I really enjoy Mike's humor - proving once again that we are all better off if we can learn to not take everything in life too seriously (almost always easier if it is not yourself). Mike is very gited in his ability to weave together many small, often unrelated events into a larger picture. Mike's use of language is such that you can easily visualize the setting as if you were actually there and watching from the sidelines. Some of my favorite are: 1) him taking his youngest daughter to the swi ...more
Nathan
Sep 04, 2012 rated it it was amazing
Michael Perry is an apologist for those of us that have taken up modern living while lamenting the loss of "the good life" in rural existence. There's no doubt about it - many of us would much rather be driving a tractor, tending chickens, or welding a sawmill together. But making a living that way really doesn't happen any more in this country. Fortunately, new ways of making a living have sprung up that allow some of us to do these things as an avocation. Michael Perry does it by being an exce ...more
Dennis Deery
Sep 08, 2012 rated it it was amazing
I've been a huge Michael Perry fan since his first hit, Population 485. He's back once again with stories of small town life. In this book (his best since Pop 485), he writes about his neighbor Tom. This book really struck a chord with me because Tom reminds me of my dad, and many of the other characters I met when I was a kid hanging out with my dad. The personality of the quiet, brilliant innovator working in his garage and inventing the tools and things he needs is one I'm very familiar with, ...more
Luke Henning
Nov 15, 2013 rated it it was amazing  ·  review of another edition
I picked this book up on a whim at a local used book store. I'd never read Michael Perry and only knew he was in "rural Wisconsin" which in my mind is most of the state north of Madison... For sure north of The Dells. Imagine my surprise the first paragraph in when I realized I knew Tom. Not well mind you but I've been to his place and fired one of his cannons. Borrowed it with my dad in fact to help a local high school do Tchaikovsky's 1812 Overture complete with artillery! I couldn't have been ...more
Mary
Nov 07, 2012 rated it really liked it
Shelves: memoirs, nonfiction
Another great Michael Perry book. This one is a meditation on living life with grace even when a highway runs through your beautiful farm. Perry's neighbor Tom is a generous mechanic, neighborhood welder, farmer, and friend. Years ago, a large portion of his farm was cut by highway construction. Tom lived his life, used his gifts, and raised a family without giving into bitterness that such a change might bring. Reading this book gives a welcome opportunity to spend time with some wise and unass ...more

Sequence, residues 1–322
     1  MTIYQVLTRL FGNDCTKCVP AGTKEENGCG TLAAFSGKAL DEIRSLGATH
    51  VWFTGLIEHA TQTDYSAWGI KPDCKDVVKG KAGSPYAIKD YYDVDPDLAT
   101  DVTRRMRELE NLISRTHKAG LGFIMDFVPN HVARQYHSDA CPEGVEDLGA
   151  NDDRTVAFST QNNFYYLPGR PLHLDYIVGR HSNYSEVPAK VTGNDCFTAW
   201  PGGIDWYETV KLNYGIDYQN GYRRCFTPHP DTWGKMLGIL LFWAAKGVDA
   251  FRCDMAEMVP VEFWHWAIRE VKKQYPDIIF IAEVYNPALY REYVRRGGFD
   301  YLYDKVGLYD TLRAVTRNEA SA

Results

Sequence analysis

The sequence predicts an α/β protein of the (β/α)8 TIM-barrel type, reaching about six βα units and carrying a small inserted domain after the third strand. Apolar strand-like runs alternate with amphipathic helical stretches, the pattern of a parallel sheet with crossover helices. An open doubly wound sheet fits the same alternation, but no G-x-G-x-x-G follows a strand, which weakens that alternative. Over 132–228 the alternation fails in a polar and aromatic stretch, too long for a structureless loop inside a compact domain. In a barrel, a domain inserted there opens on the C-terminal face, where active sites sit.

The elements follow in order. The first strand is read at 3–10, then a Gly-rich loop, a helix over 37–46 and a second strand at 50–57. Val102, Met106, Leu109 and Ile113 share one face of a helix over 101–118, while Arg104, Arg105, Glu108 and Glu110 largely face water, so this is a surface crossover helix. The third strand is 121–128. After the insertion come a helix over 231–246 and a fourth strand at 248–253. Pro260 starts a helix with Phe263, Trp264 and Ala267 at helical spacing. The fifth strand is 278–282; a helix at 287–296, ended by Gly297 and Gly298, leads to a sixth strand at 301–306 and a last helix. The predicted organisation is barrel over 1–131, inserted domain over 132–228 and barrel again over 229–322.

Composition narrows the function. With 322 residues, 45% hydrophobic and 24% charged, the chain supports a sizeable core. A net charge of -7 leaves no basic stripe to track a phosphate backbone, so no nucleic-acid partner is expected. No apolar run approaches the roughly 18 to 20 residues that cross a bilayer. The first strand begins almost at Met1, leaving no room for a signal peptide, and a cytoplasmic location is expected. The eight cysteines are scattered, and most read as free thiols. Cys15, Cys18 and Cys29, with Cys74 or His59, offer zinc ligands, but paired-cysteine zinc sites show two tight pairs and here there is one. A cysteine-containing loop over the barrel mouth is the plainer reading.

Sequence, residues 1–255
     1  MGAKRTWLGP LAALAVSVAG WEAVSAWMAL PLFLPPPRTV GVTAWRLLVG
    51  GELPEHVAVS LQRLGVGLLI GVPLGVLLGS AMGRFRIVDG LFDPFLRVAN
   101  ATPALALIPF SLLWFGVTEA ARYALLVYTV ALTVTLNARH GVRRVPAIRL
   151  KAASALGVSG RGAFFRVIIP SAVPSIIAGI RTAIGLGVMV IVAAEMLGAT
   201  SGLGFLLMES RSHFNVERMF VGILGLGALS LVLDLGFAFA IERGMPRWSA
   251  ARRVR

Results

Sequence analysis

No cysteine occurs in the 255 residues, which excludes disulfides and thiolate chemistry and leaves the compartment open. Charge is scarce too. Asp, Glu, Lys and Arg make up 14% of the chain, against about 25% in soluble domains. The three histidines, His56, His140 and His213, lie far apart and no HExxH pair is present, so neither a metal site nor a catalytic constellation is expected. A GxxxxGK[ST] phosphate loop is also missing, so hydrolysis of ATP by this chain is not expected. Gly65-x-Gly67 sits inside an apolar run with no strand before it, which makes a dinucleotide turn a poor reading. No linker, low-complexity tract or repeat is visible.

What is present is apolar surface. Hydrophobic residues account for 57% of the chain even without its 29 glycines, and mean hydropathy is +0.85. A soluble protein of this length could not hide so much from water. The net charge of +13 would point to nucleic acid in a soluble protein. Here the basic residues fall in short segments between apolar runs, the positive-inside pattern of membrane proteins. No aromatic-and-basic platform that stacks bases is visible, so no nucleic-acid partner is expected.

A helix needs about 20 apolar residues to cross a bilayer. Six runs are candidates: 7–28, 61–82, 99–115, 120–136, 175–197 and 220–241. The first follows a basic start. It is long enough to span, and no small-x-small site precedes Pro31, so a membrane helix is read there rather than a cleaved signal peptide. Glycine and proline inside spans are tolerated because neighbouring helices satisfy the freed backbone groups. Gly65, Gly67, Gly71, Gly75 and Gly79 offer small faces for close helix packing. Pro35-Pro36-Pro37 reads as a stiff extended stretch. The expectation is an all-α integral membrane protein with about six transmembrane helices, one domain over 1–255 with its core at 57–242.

Mick
Apr 12, 2013 rated it it was amazing

We all know an elderly person who makes life more interesting by talking about their life, travels and experiences. That's what this book is all about. The older you get the more you appreciate their company. Then you realize this it isn't going to last forever.

Michael Perry always amazes me with his profound wording and insight in analyzing situations. He is a great writer and an incredibly keen observer of life in rural Wisconsin.

If you are from Wisconsin and you are not familiar with Michael
...more
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Michael Perry is a New York Times bestselling author, humorist and radio show host from New Auburn, Wisconsin.

Perry’s bestselling memoirs include Population 485, Truck: A Love Story, Coop, and Visiting Tom. Raised on a small Midwestern dairy farm, Perry put himself through nursing school while working on a ranch in Wyoming, then wound up writing by happy accident. He lives with his wife and two da
...more
“Sleeping in the same bed with someone to whom you can admit your failings is a lasting comfort indeed. This is not about "mea culpa" as surrender, it is about "mea culpa" as mortar in binding together the uneven bricks of a human foundation.” 4 likes
“I stand beside Tom's barn and ponder the benign heedlessness of the people in the speeding cars, and here I am in the speeding car. In my heart I wish the bypass had never been built; in my car I never take the old way.” 1 likes